The origins of predictable mistakes

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The Origins of Predictable Mistakes
Marie-Élisabeth Deschamps
Dawson College

Since the human race exists, the world has gone through various phases. In each one, new discoveries led to life adjustments. The origination of fire, for example, gave birth to multiple purposes, some of which were to heat habitations, cook or add light to the darkness. Therefore, it is important tounderstand that new discoveries incited changes and established new necessities. However, those changes occurred over a long period of time, and that constrains human from the modern world to still be influenced by our ancient ancestors’ mentality. In fact, no matter if we want it or not, the way our brains work is partly by listening to a latent caveman’s voice. But facing the fact that societyevolved since then, it is probable that what the caveman’s voice says does not suit the modern mentality. That being said, I have to agree that the way the human brain evolved is an inevitable factor that leads today’s humans to make poor decisions and choices. In order to explain more deeply my opinion, I will study more closely three different factors, which lead us to make predictable mistakes:I will go through the idea that our minds are strongly influenced by memory, that the human brain tends to think in relative terms and finally, that our ancestral mentality pushes us to give more importance to the present than the future. As you will see, all of these aspects of the human mind are the consequences of the strong influence of our past.
Decisions derive from mental debates.Often, a whole range of options appears to us, and our duty is to select which one is likely to suit our needs. However, the tricky part is that mental debates have a lot of chances to be influenced by things such as our memory. In fact, memory is partly what gives a meaning to our existence, and therefore, it has a lot of power on us. Perhaps, the world of advertising constantly refers to memory inorder to grab people’s attention and win their choice. What I find most interesting though is how memory manages to be so powerful, and the reason to that is that it is very closely related to our emotions. And who disagrees to the idea that emotions are hard to control? Emotions, as Freud would say in his support to his surrealist theory, are the major part of the human’s Id, which is thedivision of the human psyche that reflects the animal drive in every individual. Emotions are therefore part of our unconscious self, and are likely to manifest our most ancestral thoughts. That being understood, I think it is not too surprising to face the fact that emotions, or should I say, memory, can interfere with logic or rationality. Gary Marcus points out this rivalry by claiming that “what isklugey is not so much the fact that people sometimes rely on emotions but rather the way those emotions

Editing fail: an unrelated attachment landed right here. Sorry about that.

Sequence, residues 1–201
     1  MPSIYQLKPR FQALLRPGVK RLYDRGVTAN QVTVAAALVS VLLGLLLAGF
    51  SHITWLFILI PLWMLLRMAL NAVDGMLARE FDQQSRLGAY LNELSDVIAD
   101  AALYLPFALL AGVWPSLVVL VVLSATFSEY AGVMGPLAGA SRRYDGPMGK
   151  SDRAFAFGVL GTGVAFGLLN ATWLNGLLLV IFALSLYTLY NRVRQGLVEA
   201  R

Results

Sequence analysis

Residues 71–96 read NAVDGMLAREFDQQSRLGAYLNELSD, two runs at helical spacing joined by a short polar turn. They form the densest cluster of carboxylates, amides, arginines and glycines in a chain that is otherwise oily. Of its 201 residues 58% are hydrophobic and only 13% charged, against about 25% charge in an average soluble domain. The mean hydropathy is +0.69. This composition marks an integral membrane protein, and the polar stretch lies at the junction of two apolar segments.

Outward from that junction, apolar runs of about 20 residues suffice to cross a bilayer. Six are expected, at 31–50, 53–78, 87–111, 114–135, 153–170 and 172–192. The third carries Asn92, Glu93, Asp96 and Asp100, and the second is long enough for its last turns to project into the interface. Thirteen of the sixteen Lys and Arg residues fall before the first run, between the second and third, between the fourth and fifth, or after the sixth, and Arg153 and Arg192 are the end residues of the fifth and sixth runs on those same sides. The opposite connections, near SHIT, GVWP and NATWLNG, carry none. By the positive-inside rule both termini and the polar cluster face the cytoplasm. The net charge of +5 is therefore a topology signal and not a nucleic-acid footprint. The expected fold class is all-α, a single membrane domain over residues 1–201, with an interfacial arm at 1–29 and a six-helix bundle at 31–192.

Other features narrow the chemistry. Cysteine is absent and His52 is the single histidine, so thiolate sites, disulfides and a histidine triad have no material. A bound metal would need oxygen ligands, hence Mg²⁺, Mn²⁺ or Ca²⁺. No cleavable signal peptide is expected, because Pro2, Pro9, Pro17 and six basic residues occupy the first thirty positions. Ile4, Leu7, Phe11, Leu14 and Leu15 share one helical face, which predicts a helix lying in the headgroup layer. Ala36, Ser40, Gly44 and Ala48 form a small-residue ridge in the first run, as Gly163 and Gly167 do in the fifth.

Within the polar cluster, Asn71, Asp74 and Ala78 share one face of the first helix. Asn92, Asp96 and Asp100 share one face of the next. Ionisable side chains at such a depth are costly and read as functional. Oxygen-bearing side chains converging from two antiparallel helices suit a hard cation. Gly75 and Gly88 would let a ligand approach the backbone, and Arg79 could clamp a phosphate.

interact with the deliberative system.” (p. 87) This system to which Marcus referred is also called the reflective system, and as Thaler and Sunstein wrote in Nudge, “The Reflective System is more deliberate and self-conscious.” (p. 20), in comparison to the Automatic system (which wewould refer to the emotions), that is “rapid and is or feels instinctive, and it does not involve what we usually associate with the word thinking.” (p. 19) However, the idea I want to light up with these notions is that: emotions are the heart of our Automatic system and therefore play a big role in our lives. Memory is guided by emotions and it is why is can interfere with rationality. Our sense oflogic is therefore susceptible to be influenced by elements that attract our emotions, which tends to lead to the apparition of cognitive biases we have, a good example of it being our susceptibility to framing. An example of framing communicated in Kluge is how people are more tend to choose a medical program that communicates the survival rate instead of the death rate, even if both way of...